A government is legitimate when it is constituted according to established principles and operates in a proper way. Like ballast on a ship, legitimacy reinforces stability. A government possessing it is less likely than one without it to be actively challenged by, and more likely to command the active support of, those it governs. In traditional societies a legitimate ruler was one who was descended from a legitimate ruler. The ruling family usually owed its legitimacy to a proclaimed association with a deity. Twenty-first-century political legitimacy comes from popular sovereignty—the selection of the government by the people in free elections in which all adults may take part.
The globalized international economy also possesses legitimacy, not by virtue of its design but because of its results. It enjoys what political scientists call “performance legitimacy” through the prosperity it has delivered. Since 1846, and especially since 1945, globalization has built up a stockpile of goodwill and trust among people and governments around the world. A worldwide consensus has formed in favor of the twin propositions that economic self-sufficiency is bad and markets are good.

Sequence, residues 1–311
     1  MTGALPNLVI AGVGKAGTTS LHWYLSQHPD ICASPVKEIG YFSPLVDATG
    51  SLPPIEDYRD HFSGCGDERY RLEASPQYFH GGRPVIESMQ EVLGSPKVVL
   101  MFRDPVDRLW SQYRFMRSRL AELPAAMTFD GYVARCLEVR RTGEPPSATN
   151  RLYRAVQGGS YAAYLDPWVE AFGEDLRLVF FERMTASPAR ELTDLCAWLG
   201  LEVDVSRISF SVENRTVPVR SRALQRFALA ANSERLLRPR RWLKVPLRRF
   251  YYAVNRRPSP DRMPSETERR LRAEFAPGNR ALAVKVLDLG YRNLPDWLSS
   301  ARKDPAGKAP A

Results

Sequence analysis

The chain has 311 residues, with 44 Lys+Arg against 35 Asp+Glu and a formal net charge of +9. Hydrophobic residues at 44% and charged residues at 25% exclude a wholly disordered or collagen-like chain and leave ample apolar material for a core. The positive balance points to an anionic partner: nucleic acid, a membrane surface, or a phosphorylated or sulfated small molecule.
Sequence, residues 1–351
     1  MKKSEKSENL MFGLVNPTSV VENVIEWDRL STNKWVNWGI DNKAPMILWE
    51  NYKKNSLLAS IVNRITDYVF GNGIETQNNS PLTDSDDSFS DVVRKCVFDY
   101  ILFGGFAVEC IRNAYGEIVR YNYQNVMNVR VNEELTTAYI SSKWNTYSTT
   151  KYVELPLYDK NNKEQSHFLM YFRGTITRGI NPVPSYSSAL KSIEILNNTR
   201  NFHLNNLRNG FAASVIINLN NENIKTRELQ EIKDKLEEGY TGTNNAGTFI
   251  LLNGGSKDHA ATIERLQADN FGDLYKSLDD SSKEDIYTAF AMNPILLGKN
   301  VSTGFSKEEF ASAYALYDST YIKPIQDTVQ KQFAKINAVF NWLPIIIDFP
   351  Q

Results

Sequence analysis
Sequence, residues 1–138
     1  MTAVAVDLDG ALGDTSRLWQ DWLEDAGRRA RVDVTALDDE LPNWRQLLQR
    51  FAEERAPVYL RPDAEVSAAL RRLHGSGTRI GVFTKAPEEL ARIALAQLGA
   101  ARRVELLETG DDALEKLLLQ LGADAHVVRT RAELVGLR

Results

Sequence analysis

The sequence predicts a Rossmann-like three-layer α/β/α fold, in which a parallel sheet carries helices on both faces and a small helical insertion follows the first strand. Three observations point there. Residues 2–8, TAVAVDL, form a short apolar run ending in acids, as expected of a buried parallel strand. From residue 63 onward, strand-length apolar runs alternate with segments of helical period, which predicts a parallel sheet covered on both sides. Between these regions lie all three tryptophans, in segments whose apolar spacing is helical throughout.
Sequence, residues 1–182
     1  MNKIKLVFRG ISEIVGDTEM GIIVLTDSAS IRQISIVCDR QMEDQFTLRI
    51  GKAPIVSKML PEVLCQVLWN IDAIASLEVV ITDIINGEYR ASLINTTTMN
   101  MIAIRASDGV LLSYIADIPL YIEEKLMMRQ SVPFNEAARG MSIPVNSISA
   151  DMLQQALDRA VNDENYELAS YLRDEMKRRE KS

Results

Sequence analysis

The legitimacy it has earned through past performance does not make the integrated international economy immune to criticism or even opposition. From the 40,000 people who rallied (and in some cases rioted) against globalization at the 1999 meeting of the World Trade Organization in Seattle (which was convened to launch new global trade negotiations) to the first round of the French presidential elections in April 2012 when candidates receiving upward of 40 percent of the popular vote expressed severe reservations about, if not outright opposition to, full-fledged French participation in the global economy,7 scarcely a day has passed without some public manifestation of unhappiness with international trade, or finance, or immigration—or all three. The consistent, widespread, and sometimes powerful distaste for the workings of the international economy does not, however, pose a serious threat to its continuation because its legitimacy rests on something besides performance.